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Not Green, Just Soylent: Is This the Future of Food?

A still from "Soylent Green" with Charlton Heston, 1973
A still from "Soylent Green" with Charlton Heston, 1973Photograph by Everett Collection

Just before it was lunchtime on the West Coast on Tuesday, Rob Rhinehart went on Twitter to seek donations for something called Soylent. He describes it in the pitch video as “an efficient form of fuel for humanity for the first time in history.” By the time Silicon Valley’s office workers had gobbled down their sushi or sandwiches two hours later, supporters had pledged more than $100,000 to manufacture Soylent.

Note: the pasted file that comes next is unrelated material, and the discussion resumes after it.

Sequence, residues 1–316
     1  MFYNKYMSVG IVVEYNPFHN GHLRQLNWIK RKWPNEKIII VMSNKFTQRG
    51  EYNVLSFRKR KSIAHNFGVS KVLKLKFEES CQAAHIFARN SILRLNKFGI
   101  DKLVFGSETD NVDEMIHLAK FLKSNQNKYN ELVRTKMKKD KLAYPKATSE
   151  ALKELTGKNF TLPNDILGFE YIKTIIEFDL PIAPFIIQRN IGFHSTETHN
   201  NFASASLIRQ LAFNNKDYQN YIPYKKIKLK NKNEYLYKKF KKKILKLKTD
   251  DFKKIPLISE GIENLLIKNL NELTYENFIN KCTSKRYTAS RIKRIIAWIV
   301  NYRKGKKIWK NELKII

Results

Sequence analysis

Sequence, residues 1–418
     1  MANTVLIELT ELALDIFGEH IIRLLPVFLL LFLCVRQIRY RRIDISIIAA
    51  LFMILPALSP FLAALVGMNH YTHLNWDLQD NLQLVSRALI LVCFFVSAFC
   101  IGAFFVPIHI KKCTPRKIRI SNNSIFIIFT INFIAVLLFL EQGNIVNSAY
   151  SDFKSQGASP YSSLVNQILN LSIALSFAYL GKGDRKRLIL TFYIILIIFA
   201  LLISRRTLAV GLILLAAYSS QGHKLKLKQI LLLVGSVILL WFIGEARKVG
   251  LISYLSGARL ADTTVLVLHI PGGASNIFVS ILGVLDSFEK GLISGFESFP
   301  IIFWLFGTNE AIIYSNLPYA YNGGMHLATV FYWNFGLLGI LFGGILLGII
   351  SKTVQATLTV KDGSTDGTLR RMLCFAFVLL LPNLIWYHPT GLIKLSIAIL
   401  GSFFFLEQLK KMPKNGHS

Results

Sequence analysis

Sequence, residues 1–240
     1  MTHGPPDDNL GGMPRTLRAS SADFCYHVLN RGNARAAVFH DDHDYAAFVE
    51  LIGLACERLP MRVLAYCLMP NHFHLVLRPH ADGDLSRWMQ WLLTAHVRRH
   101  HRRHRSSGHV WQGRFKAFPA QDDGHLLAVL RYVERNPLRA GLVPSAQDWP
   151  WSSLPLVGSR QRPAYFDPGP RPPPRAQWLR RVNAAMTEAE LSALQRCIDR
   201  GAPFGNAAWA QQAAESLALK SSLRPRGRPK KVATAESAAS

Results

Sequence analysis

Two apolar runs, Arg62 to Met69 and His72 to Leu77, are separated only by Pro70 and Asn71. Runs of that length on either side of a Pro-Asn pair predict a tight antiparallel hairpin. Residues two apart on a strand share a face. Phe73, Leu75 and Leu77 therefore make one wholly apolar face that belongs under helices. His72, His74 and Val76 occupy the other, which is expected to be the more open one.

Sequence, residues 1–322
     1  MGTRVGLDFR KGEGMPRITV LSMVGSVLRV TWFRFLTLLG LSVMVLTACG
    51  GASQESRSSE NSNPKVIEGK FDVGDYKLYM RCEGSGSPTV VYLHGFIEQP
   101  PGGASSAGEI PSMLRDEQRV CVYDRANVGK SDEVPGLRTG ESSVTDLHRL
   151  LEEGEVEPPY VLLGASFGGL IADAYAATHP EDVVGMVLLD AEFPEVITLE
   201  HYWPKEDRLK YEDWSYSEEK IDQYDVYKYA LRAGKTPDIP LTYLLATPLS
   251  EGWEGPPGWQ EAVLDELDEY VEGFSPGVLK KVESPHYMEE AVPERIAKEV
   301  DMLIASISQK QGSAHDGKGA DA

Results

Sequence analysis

The substance is intended to provide all the nutrients and calories a human body needs—in other words, to replace food. Mix the powder with water and drink. Rhinehart says he’s been living mostly on Soylent since February. “It’s very sweet,” he told me. “It tastes almost like a succulent cake batter.”

Rhinehart says he's been sustained mostly by Soylent since February
Courtesy Rob Rhinehart